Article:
Friday, February 17, 2012

The Story of Jiko Giman, an Artist who Was Not Similar in Every Way to Everyday People.

An acquaintance asked me whether I had ever been to Mainz, Germany.  I replied that I had, but that was almost forty years ago.

The Cathedral of Mainz,
photographed with a 110-format
pocket camera in 1978.
"So you probably haven't heard of the famous Painter of Mainz?" he said. "You'll enjoy this."

And he proceeded to tell me about a moderately talented and promising young artist from the 2000-year-old German city who, in his earnest desire to paint the world as he saw it, began his career by placing over his head a large cardboard box.

On the inside walls of this big box the young painter created images of everything he could think of, and made them as he believed they appeared in real life. The problem, as you may have anticipated, was that he spent so much time inside his box painting that he rarely took the time to see much of life.

It even became his habit to go walking around the city of Mainz with his painting box over his head, so that he could find new subjects to paint. But unknown to him was a young lady, also of artistic interests, who had been watching him for some time and was fascinated by this rather unusual young man. One day during one of his forays into the streets of Mainz, she decided to try to meet him. She placed herself in his path and waited.

The painter stumbled forward on his habitual round and stopped when he became aware of someone standing in his way.

"Oh - who are you?" he said.

"I'm - I'm Lisl, I'm an art critic," stammered the nervous girl. "What's your name?"

"I'm Jiko Giman," replied the artist. An art critic, huh? I'll paint you." The painter then made an image of the stranger on the inside of his box using his brushes and paints. He gave her red eyes, black leathery skin, lots of bristly whiskers, claws for hands, hooves for feet, a spiky tail, and even added some green, gnarled horns to complete his picture, of which he was really quite pleased and proud when it was finished.

"Can I see it?" queried the girl.

"Oh, you'd like that, wouldn't you?" said Jiko sarcastically. "Not on your life."

Lisl, who did not have horns or hooves at all, and only a few whiskers to speak of, and was actually quite attractive by teutonic standards, ran far from the cruel artist so that he would not hear her sobs of disappointment. Who knows - they might have had a friendship, or maybe even more, if he had only seen the person she really was.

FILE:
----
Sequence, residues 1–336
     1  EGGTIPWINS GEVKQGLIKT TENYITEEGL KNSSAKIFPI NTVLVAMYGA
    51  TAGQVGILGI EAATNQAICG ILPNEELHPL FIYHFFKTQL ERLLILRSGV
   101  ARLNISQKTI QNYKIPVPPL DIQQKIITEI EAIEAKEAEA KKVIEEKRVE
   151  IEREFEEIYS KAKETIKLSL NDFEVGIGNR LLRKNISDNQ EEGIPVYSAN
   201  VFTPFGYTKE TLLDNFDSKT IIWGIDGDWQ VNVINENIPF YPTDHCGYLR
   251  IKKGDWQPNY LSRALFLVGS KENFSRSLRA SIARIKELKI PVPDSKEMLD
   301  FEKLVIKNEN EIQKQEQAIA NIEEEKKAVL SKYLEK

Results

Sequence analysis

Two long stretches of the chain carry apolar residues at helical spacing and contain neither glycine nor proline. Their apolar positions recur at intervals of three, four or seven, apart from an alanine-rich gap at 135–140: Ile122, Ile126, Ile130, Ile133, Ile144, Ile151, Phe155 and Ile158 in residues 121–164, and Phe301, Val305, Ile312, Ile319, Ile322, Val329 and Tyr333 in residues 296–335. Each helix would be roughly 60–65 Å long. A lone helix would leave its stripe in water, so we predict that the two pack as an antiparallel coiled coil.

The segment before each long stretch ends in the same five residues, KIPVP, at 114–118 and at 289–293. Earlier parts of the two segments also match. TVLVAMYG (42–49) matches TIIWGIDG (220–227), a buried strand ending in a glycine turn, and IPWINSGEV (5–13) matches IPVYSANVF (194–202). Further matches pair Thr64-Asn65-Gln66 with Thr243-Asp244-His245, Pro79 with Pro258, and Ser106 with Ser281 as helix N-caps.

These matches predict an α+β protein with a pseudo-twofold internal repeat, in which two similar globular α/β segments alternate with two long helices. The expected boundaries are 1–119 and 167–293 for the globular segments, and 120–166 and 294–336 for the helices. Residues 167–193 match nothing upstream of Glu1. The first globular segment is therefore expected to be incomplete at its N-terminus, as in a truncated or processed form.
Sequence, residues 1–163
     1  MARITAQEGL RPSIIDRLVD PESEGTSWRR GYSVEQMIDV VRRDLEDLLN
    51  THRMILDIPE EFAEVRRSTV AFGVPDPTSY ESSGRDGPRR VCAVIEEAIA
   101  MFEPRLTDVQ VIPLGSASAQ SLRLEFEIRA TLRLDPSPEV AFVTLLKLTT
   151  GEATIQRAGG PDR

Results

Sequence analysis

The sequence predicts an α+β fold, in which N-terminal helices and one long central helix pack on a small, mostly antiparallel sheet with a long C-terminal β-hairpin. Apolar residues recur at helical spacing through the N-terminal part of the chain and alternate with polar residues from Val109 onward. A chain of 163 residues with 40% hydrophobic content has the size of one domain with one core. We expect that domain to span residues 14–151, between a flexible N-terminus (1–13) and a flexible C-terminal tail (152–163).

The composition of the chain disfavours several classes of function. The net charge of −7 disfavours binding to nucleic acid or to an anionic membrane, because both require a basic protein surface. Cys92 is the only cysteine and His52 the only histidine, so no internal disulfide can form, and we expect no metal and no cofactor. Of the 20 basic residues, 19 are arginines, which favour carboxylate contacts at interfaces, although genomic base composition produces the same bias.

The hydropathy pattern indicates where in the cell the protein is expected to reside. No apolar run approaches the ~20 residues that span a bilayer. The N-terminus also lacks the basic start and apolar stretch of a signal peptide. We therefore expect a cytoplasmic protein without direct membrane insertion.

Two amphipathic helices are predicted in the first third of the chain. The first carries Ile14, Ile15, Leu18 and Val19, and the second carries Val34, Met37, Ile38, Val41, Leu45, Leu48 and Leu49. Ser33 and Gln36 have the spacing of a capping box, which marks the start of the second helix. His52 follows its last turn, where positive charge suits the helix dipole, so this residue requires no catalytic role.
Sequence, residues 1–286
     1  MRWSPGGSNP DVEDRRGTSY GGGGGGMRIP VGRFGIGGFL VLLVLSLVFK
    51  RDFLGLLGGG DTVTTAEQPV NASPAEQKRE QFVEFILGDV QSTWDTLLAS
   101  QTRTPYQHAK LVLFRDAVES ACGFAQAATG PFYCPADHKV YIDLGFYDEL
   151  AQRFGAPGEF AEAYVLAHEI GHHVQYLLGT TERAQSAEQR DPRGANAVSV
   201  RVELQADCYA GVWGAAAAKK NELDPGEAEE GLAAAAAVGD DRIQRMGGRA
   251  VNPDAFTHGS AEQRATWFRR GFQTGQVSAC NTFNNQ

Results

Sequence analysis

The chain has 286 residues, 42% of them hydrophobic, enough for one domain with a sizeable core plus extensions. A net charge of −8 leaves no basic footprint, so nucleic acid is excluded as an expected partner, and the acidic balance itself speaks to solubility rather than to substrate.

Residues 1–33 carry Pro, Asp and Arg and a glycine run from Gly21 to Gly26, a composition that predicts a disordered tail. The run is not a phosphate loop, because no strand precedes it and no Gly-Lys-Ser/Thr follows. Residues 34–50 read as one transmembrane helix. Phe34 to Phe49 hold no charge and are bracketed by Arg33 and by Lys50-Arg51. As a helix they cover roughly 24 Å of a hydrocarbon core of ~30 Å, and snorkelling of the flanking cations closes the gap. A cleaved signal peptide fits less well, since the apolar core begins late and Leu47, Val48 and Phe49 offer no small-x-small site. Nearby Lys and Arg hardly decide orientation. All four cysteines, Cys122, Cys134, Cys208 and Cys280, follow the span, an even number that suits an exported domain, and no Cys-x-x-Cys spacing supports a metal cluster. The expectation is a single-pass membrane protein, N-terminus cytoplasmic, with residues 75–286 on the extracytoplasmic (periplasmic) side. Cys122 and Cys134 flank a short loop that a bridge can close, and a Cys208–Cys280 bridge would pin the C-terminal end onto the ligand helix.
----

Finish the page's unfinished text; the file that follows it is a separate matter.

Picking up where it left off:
But the artist blithely walked on, painting the inner walls of his box according to his assumptions and judgements of the people and things he encountered. At one place, he discovered there was a crowd of people on the footpath, all apparently waiting for something.

"This is a poor part of the city," he thought to himself. "It's probably a bunch of bums waiting for a handout from a soup kitchen." He then began painting an image of disshevelled, shabby people crowding against the side of the building, some holding bundles of rags, some pushing old shopping carts.

"Hey, you're that artist," said one of them. "Would you like to paint my portrait?"

Jiko did not bother to hide his disgust in his reply, "Get a job, you filthy bum!" He then turned his footsteps elsewhere.

The "filthy bum" raised his immaculately groomed eyebrows, adjusted his tophat, polished his diamond cuff links and patted the theatre tickets in the breast pocket of his tuxedo before glancing at his solid gold watch. "What a pity," he added. "I would someday like to become the patron of an aspiring young artist. I suppose I'll have to find someone else to give my money to."

The young painter, determined still to paint the world as he saw it, continued on his walk, and came to a quiet, peaceful place. He immediately judged it to be a park of beautiful trees, expanses of manicured lawn, and beds of wildly colorful flowers.

"What a perfect scene to paint," he exclaimed. But as he moved forward to find the best vantage point, as he supposed it, he stumbled and fell headlong into the municipal dump.

Lying there among the rotting banana peels and broken microwave ovens, injured but by some fluke still wearing his box, he heard some movement nearby. "My rescuers!" he said. "Over here! I'm injured, come and help me!"

But the rescuers were really a pack of wild dogs that lived at the dump, and they ate him.

Needless to say, Jiko Giman's career as an artist went into a steep decline at this point. There is really not much more to say about him.

So this is the end of the story.

To discover how self-deception could lead to YOUR downfall and subsequent consumption by wild dogs, I recommend that you read this before it's too late:

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